The progression up the automation tree is well paced and thought out, guiding you in such a way that you’re often building upon your previous automated layers rather than having to tear them down and build them back up again. Whilst I didn’t look at any optimised factory layouts I did come across some of the more rudimentary build ideas (like item buses) when I was looking for clarification on how certain things worked. These ideas definitely helped out in getting some of the basics right although some of the game’s…foibles, such as conveyor belts having 2 siders and the arms only being able to load onto one of them (the far side), did make constructing things a bit more challenging than I think they needed to be. Often this just mean laying out the conveyor belts first before building anything else, ensuring that I had the right items on the right sides so I wouldn’t end up with production bottlenecks.

Which is something you’ll be dealing with constantly as with any highly automated system it doesn’t take much to send it for a wobbly. Usually this comes in the form of a lack of input resources which, more often or not, means that one of your miners has run dry and you’ll need to relocate it in order to get production back up to speed. This also happens quite a lot when you upgrade the tech level of an item (say stone furnace to steel) as depending on how you do it you may end up causing supply issues upstream which will, again, lead to production bottlenecks at your desired output. Thanks to the super zoom out it’s usually not too hard to track down why something is going wrong but once your factory gets to a decent size, with numerous underground belts to boot, things start to get taxing.

In the end most of it comes down to ensuring you’ve got a layout that can be scaled horizontally as far as you can. Because without that you’re highly likely to get to a point where you want to produce an item and you simply won’t have enough of some particular input in order to make it work. This will mean you’ll either have to turn off factories, divert resources or do something else which will upset some other form of production, likely causing you some other heartache down the line. Of course once you know how to set these kinds of things up (I think I have some of the basics of unlimited horizontal scaling demonstrated below) things get a bit easier but then you’ve got to, you know, scale them.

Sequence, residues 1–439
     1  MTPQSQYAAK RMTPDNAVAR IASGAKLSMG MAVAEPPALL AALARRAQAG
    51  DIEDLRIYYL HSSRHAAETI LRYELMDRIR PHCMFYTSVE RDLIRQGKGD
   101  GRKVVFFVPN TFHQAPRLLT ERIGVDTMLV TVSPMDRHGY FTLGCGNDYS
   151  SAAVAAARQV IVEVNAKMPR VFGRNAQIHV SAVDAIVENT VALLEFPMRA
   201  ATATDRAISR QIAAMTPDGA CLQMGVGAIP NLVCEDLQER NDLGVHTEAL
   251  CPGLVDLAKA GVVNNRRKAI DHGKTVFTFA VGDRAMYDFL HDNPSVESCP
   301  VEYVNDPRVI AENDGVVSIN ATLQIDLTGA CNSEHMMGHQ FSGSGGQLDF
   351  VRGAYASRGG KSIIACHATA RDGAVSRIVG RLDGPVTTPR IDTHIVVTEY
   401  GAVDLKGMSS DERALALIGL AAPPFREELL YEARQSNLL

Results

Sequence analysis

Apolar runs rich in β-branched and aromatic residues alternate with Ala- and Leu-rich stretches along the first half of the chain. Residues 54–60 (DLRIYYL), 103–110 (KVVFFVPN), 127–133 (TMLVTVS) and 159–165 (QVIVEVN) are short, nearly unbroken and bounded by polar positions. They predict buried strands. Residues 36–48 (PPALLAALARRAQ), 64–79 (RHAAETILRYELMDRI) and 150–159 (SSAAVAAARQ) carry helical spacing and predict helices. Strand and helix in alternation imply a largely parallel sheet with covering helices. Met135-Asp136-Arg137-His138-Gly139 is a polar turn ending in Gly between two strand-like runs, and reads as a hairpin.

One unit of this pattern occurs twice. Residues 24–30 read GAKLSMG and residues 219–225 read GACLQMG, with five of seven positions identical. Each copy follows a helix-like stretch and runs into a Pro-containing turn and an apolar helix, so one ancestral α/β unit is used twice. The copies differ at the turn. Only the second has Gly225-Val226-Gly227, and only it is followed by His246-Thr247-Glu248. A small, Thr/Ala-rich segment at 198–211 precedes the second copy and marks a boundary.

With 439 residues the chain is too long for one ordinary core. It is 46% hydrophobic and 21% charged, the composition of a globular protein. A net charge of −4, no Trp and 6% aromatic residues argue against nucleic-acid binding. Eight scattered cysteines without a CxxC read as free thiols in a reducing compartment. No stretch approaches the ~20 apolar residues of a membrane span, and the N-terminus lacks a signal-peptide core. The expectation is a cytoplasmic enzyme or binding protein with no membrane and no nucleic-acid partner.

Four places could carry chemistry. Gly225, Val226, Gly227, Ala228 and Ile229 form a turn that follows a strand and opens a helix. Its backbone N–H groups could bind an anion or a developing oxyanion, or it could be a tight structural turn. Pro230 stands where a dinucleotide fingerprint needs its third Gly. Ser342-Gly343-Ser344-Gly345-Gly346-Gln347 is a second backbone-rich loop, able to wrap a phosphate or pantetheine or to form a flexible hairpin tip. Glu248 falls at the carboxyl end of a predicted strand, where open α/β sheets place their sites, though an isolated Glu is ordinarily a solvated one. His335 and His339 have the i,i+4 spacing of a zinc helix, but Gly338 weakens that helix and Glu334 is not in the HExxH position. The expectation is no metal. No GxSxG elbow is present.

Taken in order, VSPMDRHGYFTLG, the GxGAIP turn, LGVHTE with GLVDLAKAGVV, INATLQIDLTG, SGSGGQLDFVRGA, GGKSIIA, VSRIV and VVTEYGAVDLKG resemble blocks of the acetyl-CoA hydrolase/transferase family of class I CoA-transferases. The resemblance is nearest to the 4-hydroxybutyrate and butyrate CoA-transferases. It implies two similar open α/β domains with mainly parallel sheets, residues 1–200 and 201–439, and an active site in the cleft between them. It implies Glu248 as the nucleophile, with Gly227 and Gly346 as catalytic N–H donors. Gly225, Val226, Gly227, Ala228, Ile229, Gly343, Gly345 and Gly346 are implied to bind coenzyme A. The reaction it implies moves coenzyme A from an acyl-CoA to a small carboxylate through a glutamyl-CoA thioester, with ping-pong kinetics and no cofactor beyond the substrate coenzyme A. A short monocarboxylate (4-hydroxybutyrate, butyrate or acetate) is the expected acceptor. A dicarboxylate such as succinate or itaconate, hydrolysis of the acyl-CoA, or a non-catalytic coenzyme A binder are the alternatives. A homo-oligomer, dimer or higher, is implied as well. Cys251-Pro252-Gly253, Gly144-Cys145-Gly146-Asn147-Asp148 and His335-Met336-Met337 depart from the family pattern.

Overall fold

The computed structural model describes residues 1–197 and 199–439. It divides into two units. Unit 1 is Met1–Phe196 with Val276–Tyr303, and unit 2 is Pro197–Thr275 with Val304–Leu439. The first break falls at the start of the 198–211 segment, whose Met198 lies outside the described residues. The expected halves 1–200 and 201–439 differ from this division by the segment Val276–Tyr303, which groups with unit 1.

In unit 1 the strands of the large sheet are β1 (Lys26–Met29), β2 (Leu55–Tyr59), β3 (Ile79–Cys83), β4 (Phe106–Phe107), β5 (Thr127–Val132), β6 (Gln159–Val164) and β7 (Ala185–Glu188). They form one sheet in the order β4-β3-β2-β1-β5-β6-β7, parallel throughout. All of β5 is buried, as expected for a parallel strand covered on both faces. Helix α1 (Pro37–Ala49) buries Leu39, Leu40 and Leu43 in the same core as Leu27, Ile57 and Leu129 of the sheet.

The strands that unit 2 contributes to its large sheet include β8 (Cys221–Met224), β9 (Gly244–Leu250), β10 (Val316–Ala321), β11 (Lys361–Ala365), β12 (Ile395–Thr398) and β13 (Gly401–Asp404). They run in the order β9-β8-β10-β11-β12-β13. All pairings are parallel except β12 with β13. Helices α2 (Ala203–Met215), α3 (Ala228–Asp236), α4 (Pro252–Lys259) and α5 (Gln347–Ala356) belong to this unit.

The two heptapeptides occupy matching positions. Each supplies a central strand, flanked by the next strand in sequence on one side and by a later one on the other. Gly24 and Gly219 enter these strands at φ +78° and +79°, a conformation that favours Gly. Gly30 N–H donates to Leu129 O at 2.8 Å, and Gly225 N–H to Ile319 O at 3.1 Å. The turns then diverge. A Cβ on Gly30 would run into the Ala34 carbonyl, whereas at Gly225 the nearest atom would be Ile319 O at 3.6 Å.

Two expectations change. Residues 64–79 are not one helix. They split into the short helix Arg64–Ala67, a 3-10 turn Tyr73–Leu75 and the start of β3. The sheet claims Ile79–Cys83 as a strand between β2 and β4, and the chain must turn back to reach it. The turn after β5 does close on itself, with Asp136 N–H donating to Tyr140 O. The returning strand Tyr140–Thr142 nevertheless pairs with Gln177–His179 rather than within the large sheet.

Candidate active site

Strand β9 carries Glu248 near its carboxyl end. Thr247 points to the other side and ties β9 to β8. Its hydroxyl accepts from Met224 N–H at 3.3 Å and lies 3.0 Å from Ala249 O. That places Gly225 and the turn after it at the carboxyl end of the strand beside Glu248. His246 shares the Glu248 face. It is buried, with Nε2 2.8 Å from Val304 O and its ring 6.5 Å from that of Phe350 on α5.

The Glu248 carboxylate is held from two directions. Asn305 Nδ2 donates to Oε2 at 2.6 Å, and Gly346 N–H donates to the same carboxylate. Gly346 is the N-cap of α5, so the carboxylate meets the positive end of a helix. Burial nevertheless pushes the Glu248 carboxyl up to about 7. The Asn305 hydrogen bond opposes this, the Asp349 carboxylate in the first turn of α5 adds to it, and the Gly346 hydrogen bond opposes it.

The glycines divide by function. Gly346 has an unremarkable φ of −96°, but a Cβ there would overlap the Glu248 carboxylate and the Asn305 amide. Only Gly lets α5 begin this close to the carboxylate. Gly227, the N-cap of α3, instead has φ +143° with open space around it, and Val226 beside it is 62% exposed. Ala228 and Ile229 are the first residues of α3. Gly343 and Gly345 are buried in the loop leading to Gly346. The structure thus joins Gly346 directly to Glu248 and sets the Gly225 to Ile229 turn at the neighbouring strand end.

It’s at this point I ran out of steam with Factorio as whilst I was having fun up until that point the fact that research kept taking longer, which mean I needed to scale basically all means of my production even more, I just didn’t really feel like continuing at that point. To be sure I can see the appeal of having a factory you come back to every so often to scale out a bit, tweak some things here or there, as you work your way up the tech tree over a few hundred hours. But for me that lack of something additional to drive me forward, like the story in Subnautica for instance, meant that I just didn’t feel like playing more. Perhaps playing with friends could’ve combated that, I don’t know as it seems all my Factorio playing friends are busy enough with their own factories.

Factorio has all the right ingredients for folks who love to spend countless hours building out their factories and optimising them to the nth degree. The simplistic yet visually distinct visuals ensure that you won’t have to play a game of hide and seek with your supply chains. Mechanically everything is sound; the game definitely a product of multiple years of polish thanks to its time in Early Access. However there’s just enough things that rub me the wrong way with it that I don’t think I’ll be spending much more time in it, save for when my mates read this and want to show me what Factorio is really about.

Rating: 8.0/10

Factorio is available right now on PC for $42. Total play time was 7.2 hours with 0% of the achievements unlocked

About the Author

David Klemke

David is an avid gamer and technology enthusiast in Australia. He got his first taste for both of those passions when his father, a radio engineer from the University of Melbourne, gave him an old DOS box to play games on.